Another Michigan community has been dealing with high levels of lead in its drinking water supply for less than two weeks.
Hamtramck City Water Supply Indicates High Level of Lead
In a recently published article in Newsweek, officials in Hamtramck, Michigan, published data on Wednesday showing that the city's lead levels are 17 parts per billion (ppb), surpassing the state's action threshold of 15 ppb. A recent test found that the city conducts yearly tap water testing, which revealed elevated levels of lead.
Lead may also infiltrate drinking water when it comes to touch with lead-containing surfaces such as pipes, solder, home/building interior plumbing, fittings, and fixtures, according to the news release. Also, houses with lead service lines are more likely to have high lead levels in their drinking water.
In a separate news release, Hamtramck City Manager Kathleen Angerer said that she just wants the people of Hamtramck to have "safe, clean drinking water." She also urges local authorities to address the issue and guarantee the safety of the community's various households, as per 6Park News Michigan.
Hamtramck Plans To Issue Free Water Filters
"The target for lead in drinking water is 0 ppb," Hamtramck said in a full-length press statement, adding "there is no acceptable level of lead in the blood." The city also plans to provide Hamtramck residents with free water filters, according to the statement.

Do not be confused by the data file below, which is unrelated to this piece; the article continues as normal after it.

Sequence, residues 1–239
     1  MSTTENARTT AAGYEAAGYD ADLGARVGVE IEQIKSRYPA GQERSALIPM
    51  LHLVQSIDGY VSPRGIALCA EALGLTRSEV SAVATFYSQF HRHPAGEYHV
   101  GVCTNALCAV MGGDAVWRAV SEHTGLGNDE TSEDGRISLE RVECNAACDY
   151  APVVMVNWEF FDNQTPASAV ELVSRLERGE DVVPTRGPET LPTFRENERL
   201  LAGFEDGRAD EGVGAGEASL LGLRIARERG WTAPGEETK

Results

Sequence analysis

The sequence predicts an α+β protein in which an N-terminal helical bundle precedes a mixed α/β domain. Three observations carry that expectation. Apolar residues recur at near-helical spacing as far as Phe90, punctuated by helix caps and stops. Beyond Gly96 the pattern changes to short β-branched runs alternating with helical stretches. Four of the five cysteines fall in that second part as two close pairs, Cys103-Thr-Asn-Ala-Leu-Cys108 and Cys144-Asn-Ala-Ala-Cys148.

Moreover, on October 21, the City of Hamtramck collaborated with the Michigan Department of Health and Human Services (MDHHS) to provide Hamtramck households with one free water filter with replacement cartridges. In the following weeks, further distribution events will be planned and announced, according to a report published in Fry Electronics.
The revelation that Hamtramck's water supply has been contaminated by high lead levels comes only a week after Benton Harbor, Michigan, reported the same problem.
Benton Harbor Officials Discover High Levels of Leads in the Water Supply
On October 11, Benton Harbor authorities learned that an environmental agency organization submitted a petition to the Environmental Protection Agency in September to enable clean drinking water, aimed to be supplied to the community after excessive lead levels in the water system were found in 2018.
The National Wildlife Federation's vice president of environmental justice, climate, and community regeneration is Mustafa Santiago Ali. Ali talked to the Metro Times on October 8 about how reducing the use of lead pipes would improve children's health and educational retention, since lead has been related to a variety of teenage problems, per Detroit News.
Meanwhile, the state of Michigan encouraged residents in Benton Harbor to drink and cook with bottled water in an effort to deflect accusations that it did not do enough to address the city's high lead levels for three years in a row. Under pressure from environmental and activist organizations, the state Department of Health and Human Services and the Department of Environment, Great Lakes, and Energy started making bottled water accessible to residents in the southwest Michigan community.